Bitcoin breaks above $19,000 and approaches record highs as cryptocurrency frenzy continues

Bitcoin jumped above $19,000 on Tuesday for the first time since 2017 as Wall Street and Main Street rekindled their interest in cryptocurrencies and extended the digital token's rally.

Bitcoin breaks above $19,000 and approaches record highs as cryptocurrency frenzy continues

Bitcoin breaks above $19,000 and approaches record highs as cryptocurrency frenzy continues

  • Bitcoin soared above $19,000 on Tuesday for the first time in nearly three years, bringing the cryptocurrency within spitting distance of its 2017 record.
  • The price of Bitcoin jumped as much as 3.3%, to $19,272.21, through the morning.
  • Cryptocurrencies have garnered new interest from both Wall Street and Main Street in recent weeks as companies and traditional investors embrace digital tokens.
  • The rally lifted other popular cryptocurrencies including Ethereum and Ripple.

Bitcoin jumped above $19,000 on Tuesday for the first time since 2017 as Wall Street and Main Street rekindled their interest in cryptocurrencies and extended the digital token's rally.

The world's most popular cryptocurrency surged as much as 3.3% through the morning to an intraday high of $19,272.21. The gains brought Bitcoin just a hair below its all-time high of $19,783 reached in December 2017.

Cryptocurrencies have garnered attention in recent weeks as companies and traditional investors accept their uses. Square bought $50 million worth of bitcoins in October, saying it sees potential for the token to become "a more ubiquitous currency." Soon after, PayPal announced it would soon let its users buy and sell cryptocurrencies. The news pushed Bitcoin above $13,000 and sparked speculation about whether the coin's latest rally had the legs to bring it to new highs.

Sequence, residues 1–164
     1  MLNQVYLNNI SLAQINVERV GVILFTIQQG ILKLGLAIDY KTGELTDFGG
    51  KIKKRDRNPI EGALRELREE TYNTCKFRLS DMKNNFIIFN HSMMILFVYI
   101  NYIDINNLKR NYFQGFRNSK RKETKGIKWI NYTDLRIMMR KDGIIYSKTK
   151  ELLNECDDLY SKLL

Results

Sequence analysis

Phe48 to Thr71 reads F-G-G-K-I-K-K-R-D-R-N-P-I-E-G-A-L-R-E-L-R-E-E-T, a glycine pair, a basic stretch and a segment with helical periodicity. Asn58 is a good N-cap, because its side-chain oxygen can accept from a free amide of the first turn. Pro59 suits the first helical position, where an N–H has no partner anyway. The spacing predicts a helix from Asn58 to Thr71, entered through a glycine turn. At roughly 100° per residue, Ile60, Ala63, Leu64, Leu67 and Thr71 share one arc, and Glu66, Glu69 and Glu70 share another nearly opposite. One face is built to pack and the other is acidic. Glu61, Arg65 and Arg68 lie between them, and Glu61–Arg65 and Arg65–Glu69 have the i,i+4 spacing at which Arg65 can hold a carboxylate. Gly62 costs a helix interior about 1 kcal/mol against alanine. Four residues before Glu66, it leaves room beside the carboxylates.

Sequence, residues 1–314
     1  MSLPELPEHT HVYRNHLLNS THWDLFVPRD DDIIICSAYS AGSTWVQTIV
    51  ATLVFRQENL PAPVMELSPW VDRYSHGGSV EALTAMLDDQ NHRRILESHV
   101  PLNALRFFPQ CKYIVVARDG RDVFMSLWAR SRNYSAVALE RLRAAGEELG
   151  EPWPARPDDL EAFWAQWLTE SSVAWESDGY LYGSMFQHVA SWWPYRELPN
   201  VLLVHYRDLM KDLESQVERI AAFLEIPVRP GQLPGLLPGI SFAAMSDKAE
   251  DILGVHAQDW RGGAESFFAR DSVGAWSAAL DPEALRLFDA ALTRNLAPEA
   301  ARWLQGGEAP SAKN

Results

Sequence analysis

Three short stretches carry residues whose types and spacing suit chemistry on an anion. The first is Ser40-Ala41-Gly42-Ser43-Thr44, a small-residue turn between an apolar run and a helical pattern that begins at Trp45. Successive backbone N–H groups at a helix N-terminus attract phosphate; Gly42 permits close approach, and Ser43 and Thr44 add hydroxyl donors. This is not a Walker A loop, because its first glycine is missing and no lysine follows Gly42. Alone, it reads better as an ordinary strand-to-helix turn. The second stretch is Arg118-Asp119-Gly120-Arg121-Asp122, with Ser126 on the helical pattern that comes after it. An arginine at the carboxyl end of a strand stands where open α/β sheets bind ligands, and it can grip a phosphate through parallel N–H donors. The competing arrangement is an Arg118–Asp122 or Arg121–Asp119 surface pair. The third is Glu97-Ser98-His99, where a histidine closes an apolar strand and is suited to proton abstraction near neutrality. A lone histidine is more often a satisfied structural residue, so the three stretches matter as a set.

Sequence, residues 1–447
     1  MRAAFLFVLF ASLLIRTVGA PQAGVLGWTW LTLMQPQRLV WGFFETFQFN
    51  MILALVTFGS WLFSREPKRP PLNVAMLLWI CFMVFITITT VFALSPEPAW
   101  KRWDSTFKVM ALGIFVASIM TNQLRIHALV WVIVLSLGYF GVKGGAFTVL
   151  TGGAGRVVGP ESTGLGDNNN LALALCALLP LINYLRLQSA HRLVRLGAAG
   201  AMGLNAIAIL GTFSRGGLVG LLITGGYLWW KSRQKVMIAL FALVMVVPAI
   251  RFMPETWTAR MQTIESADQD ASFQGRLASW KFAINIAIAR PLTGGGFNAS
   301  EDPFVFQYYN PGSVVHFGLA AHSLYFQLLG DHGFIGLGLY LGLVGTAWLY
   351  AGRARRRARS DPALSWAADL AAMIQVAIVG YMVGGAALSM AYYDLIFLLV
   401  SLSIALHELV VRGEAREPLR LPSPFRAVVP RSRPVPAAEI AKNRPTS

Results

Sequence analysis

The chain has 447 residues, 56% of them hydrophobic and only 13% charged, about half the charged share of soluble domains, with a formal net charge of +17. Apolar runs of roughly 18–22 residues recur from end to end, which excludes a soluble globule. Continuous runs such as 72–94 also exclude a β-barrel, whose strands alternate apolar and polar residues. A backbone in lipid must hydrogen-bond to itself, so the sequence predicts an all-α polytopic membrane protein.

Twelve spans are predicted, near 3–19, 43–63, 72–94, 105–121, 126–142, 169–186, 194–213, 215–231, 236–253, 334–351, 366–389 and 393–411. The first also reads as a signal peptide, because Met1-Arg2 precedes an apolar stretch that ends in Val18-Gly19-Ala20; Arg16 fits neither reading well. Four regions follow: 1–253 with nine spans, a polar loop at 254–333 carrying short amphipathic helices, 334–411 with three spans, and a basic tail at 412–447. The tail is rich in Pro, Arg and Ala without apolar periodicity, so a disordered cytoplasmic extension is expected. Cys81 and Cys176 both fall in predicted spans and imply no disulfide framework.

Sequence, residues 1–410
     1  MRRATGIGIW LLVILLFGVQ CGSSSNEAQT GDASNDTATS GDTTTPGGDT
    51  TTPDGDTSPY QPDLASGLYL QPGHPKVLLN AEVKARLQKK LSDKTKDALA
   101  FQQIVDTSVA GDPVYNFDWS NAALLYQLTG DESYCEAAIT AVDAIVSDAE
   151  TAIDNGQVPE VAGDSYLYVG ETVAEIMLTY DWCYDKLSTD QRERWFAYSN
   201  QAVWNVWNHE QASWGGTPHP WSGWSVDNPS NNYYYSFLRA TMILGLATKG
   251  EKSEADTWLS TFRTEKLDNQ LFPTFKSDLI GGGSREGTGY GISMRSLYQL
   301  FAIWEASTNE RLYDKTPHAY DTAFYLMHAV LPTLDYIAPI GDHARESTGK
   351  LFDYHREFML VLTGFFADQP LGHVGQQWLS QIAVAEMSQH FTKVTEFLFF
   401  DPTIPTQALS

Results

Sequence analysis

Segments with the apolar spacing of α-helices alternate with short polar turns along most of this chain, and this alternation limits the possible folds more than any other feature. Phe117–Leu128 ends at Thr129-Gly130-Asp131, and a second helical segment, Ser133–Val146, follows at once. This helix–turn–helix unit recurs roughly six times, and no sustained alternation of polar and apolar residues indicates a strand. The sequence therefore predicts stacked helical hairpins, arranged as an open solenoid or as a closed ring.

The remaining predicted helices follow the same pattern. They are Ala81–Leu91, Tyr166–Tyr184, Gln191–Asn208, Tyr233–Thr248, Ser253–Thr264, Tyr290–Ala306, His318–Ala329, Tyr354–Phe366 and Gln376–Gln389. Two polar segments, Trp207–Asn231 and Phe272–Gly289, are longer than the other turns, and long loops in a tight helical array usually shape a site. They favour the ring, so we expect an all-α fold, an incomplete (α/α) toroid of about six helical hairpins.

Some of Wall Street's biggest names have also backed the rally. Rick Rieder, BlackRock's chief investment officer, said Friday that Bitcoin was "here to stay" because of millennials' interest in digital payments. Stanley Druckenmiller said on November 9 that he had "warmed up to the fact that bitcoin could be an asset class that has a lot of attraction."

Others are skeptical about the run. Ray Dalio said last week that he "might be missing something about bitcoin," adding that its volatility diminishes its use as a store of wealth and a medium of exchange.

Even if Bitcoin maintains its lofty value, it can't replace central-bank currencies, because governments are likely to ban the token "and make it too dangerous to use," Dalio tweeted. The Tuesday surge lifted other popular cryptocurrencies. Ether gained as much as 4.3%, to $622.73. XRP spiked 54.7%, to $0.79, at intraday highs.

Bitcoin traded at $19,235.79 at 8:25 a.m. ET, up 166% year-to-date.

Source: BusinessInsider

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